On Wednesday, YouTube invited a group of journalists to its New York headquarters to show off its newest advertising products ahead of the Super Bowl, to be held on Feb. 7.

The new products included “real-time” ads that can be customized to respond to live events. For example, if you happen to be watching a random YouTube video while the Academy Awards, or a presidential debate, or yes, the Super Bowl is on, you might see an ad congratulating the actress who just won an Oscar, or responding to a politician’s talking point, or cheering on the winning team.

That may seem like a slightly esoteric feature. If you’re already watching a YouTube video, why would YouTube want to tell you about what’s on TV at the moment? But it makes some sense when you consider that, for some reason, people like to watch YouTube while they’re also watching major events on TV. Last year people watched 300,000 hours of Super Bowl ads on YouTube during the actual game. It’s noteworthy, but not the strangest thing I learned at the event.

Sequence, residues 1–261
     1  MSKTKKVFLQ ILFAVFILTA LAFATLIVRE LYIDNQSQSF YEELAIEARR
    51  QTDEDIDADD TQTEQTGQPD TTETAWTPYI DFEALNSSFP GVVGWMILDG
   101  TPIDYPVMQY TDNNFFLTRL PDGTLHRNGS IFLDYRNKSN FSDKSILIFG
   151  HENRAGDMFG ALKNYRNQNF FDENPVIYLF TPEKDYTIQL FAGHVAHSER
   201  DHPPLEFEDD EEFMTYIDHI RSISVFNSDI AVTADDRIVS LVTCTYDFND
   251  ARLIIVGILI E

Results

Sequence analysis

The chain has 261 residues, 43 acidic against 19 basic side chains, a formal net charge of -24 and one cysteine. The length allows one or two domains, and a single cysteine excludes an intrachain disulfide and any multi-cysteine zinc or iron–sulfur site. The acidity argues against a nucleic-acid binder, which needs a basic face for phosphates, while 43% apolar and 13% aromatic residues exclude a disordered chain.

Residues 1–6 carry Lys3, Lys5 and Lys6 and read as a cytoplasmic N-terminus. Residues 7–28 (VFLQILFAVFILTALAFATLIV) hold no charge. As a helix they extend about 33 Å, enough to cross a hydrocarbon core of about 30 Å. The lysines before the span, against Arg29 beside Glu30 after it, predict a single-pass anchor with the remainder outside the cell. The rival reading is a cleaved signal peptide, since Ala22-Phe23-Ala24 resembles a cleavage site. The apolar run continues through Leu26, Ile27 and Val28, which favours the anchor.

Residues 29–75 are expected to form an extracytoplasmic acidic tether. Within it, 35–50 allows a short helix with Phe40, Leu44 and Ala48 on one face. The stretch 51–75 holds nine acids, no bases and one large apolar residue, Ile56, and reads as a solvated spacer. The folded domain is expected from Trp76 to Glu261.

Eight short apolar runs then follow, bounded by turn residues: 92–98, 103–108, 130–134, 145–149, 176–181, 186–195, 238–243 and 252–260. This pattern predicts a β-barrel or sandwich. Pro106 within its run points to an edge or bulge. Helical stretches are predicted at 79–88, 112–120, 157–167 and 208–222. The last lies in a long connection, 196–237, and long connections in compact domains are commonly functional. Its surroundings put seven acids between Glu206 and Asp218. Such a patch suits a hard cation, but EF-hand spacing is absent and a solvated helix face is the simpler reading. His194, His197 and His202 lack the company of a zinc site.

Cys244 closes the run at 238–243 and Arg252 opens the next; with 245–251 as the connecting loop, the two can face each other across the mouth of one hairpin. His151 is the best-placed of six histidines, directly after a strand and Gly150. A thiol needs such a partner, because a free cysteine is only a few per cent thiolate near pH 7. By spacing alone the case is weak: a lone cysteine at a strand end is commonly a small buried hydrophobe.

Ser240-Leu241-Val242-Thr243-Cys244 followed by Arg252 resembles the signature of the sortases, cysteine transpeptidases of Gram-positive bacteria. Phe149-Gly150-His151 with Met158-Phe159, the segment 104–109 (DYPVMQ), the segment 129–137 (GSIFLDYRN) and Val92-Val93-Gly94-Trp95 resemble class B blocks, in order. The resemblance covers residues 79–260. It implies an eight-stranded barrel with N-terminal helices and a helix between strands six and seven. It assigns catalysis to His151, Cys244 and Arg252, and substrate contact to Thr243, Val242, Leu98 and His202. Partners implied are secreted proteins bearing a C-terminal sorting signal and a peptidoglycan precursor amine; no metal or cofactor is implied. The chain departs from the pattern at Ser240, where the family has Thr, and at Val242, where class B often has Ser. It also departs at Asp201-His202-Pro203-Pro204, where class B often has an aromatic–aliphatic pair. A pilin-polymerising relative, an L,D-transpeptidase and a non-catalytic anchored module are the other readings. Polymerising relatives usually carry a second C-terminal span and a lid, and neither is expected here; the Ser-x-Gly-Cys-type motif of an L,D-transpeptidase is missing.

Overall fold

That distinction goes to YouTube’s collection of football makeup videos. No, I don’t mean face paint, or the black streaks that players paint under their eyes to reduce the sun’s glare. I mean makeup that female football fans can wear on game day, such as eye shadow that matches the home team’s colors. An example: Kandee Johnson’s guide to being “the most glamorous girl on Super Bowl Sunday,” which has 227,000 views.

Or Makeup Geek’s Denver Broncos-themed makeup tutorial, which has 48,000 views.

Or Casey Holmes’ “Wake Up With Me” video for college football game day has 220,000 views.

Or Carly Bybel’s guide to recreating Katy Perry’s Super Bowl halftime show look, which has 913,000 views.

There are guides for fans of the Kansas City Chiefs, the Seattle Seahawks, the Oregon Ducks, The Ohio State Buckeyes, the New Orleans Saints, and the New England Patriots.

YouTube counts 16 million of these football makeup videos as of 2015, a 216% increase over the prior year.

Makeup is just a tiny sliver of YouTube’s vast sea of of football content. The video network hosts 2,000 years worth of football content, it says, including 500,000 “fan reaction videos.” In other words, people like to watch videos of other people watching football. (A compilation of reactions to the Patriots’ 2014 game-winning interception against the Seahawks has 2.5 million views, for example.)

It’s a strange world out there, people. YouTube is just capitalizing on it.